The Ergonomic Difference

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Technology continues to develop and be engineered to improve productivity and decrease the physical strain on employees in the workplace. The easiest way to understand the difference implementing ergonomic solutions will make is to use contrasting examples of a production floor with and without ergonomic devices and procedures.

Let’s compare two situations:

Scenario A

A production floor’s Standard Operating Procedure (SOP) is:

  • An employee manually retrieves a 60 pound part from its packaging
  • The employee lifts the part from its packaging onto a hand truck
  • The employee pushes his hand truck to his workstation while balancing the load duing transit
  • The employee lifts the part onto his workstation and begins to secure it in place
  • The employee performs one portion of his task with the object
  • The employee unfastens the object
  • The employee adjusts the position of the object and secures it again
  • The employee continues this manual manipulation until he completes his work task
  • The employee unfastens the object
  • The employee lifts the object and places it back on his hand truck
  • The employee wheels his hand truck to the next station like painting

In this scenario, we can see at least seven unique instances where the employee manually handles the object. Three of these instances, at a minimum, require the employee to manipulate this object without any mechanical assistance. Every time, the likelihood of an accident resulting in injury to the object, person, or both are present. Of course, this example may represent an extreme scenario that virtually eliminates any mechanical advantage with the exception of the hand truck. However, when we compare this scenario with a production process that has implemented ergonomic solutions, we will immediately recognize the differences.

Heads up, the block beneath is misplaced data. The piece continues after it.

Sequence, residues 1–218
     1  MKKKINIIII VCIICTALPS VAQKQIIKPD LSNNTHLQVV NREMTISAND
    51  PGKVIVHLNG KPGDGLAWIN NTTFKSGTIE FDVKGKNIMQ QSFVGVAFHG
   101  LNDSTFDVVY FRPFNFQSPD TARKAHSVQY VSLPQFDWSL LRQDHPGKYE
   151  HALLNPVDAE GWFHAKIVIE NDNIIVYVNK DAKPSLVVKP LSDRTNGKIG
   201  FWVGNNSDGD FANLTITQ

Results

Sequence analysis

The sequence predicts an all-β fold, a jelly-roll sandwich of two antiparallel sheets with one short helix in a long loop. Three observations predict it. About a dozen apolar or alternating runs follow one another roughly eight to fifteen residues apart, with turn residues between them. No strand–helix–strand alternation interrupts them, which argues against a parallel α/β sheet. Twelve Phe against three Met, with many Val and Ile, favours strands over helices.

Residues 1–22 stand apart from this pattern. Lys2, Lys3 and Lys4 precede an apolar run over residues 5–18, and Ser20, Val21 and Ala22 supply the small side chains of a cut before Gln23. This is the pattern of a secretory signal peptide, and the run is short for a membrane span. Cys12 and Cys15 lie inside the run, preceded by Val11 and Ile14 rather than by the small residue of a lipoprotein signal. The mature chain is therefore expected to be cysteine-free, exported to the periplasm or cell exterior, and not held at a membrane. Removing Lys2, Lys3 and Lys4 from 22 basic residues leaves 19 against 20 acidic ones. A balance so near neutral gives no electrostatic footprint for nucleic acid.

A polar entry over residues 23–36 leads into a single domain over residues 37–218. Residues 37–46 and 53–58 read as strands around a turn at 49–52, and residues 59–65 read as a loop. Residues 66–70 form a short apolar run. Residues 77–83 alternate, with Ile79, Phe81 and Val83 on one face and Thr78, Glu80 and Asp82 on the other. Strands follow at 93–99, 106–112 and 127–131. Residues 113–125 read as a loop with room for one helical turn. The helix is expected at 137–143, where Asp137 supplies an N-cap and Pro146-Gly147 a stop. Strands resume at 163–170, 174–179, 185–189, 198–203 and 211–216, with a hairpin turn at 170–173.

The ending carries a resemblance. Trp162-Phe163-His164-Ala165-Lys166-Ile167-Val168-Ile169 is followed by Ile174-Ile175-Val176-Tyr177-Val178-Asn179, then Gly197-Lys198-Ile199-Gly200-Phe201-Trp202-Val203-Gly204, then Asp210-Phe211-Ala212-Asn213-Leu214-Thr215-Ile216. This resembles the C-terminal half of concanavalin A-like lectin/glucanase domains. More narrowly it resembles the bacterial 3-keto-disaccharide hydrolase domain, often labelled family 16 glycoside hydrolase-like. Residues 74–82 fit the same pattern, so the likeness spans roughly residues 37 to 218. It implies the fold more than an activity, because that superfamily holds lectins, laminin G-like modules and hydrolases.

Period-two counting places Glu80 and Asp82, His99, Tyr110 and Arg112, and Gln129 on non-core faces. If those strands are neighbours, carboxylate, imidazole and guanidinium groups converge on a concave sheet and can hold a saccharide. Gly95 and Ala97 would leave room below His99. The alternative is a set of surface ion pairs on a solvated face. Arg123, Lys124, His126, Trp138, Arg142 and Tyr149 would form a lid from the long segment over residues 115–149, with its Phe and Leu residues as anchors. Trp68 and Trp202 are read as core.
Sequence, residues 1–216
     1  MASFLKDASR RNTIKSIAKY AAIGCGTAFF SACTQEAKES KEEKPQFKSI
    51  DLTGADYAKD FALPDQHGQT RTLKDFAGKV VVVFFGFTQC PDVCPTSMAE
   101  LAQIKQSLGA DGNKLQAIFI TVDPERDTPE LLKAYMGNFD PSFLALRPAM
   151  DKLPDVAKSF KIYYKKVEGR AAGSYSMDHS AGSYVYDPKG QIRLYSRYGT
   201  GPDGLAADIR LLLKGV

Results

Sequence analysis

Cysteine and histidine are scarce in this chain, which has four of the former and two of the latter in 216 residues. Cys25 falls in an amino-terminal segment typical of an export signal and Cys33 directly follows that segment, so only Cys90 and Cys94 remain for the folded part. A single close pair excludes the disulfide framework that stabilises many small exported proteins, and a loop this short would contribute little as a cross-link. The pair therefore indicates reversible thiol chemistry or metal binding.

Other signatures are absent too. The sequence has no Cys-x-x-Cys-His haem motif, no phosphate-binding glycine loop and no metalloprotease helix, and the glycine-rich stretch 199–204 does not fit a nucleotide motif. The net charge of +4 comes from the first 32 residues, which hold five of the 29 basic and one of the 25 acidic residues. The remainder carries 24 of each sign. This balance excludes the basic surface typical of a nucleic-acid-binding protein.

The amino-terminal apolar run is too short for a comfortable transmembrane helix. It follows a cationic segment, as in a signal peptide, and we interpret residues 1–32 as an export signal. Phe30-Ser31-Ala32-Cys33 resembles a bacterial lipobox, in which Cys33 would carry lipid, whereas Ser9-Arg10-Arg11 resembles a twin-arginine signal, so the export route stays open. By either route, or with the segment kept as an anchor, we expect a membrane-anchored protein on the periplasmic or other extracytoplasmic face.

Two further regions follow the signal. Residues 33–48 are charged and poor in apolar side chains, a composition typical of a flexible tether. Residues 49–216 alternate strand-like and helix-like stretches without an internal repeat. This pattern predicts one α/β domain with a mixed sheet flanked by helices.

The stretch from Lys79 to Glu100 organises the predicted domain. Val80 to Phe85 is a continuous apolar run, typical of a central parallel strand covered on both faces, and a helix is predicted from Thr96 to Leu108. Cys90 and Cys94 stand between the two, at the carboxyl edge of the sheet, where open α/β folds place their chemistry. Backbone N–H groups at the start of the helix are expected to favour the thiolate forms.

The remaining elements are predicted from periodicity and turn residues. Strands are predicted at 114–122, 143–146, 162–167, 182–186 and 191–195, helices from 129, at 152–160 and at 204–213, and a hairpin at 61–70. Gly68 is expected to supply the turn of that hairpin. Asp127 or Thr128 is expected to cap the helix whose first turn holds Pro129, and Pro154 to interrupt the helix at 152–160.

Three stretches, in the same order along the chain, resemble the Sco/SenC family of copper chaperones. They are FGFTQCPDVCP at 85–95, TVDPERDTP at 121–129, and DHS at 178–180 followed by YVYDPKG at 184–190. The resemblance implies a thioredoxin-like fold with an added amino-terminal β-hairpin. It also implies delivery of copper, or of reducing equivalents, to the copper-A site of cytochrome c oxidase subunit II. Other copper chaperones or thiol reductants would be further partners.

Scenario B

A production floor’s Standard Operating Procedure (SOP) is:

  • An employee uses a motorized lift/transporter, like the Ergo Tranz with a customize end-effector, to securely lift the 60 lbs. part from its packaging.
  • The employee pushes his light weight Ergo Tranz to his workstation
  • In his work area, the employee uses a multi-axis work positioner, like the Ergo Chief, to manipulate the object into any desired position
  • The employee secures the object on to the Ergo Chief and releases it from the Ergo Tranz
  • By pushing buttons on the Ergo Chief positioner, he adjusts the object to any desired positions and this way perform the work in a secure and comfortable way.
  • When he has completed his work tasks ,the employee pick the object back with his Ergo Tranz and moves it to the next station, like painting.

If we compare these two scenarios, we can easily see the difference in the number of times the employee touches the object. In the first situation, without ergonomic intervention, we see the employee manually manipulating the object at least seven times, with at least three of those times manually enduring the entire weight of the object. In the latter situation, we see the employee never having to manually manipulate the object..

In each and every instance when an employee is required to manually lift or manually manipulating an object, the likelihood of damage to object as well as injuries to the human body  is likely to occur. Clearly both of these hurt the bottom line and this is why implementing ergonomic solutions makes such a difference. Take the time to analyze, evaluate, and implement ergonomic solutions in your workplace and realize that


                      Good Ergonomics = Good Economics


Contact Us to discuss how our ergonomic product solutions will improve your bottom line.

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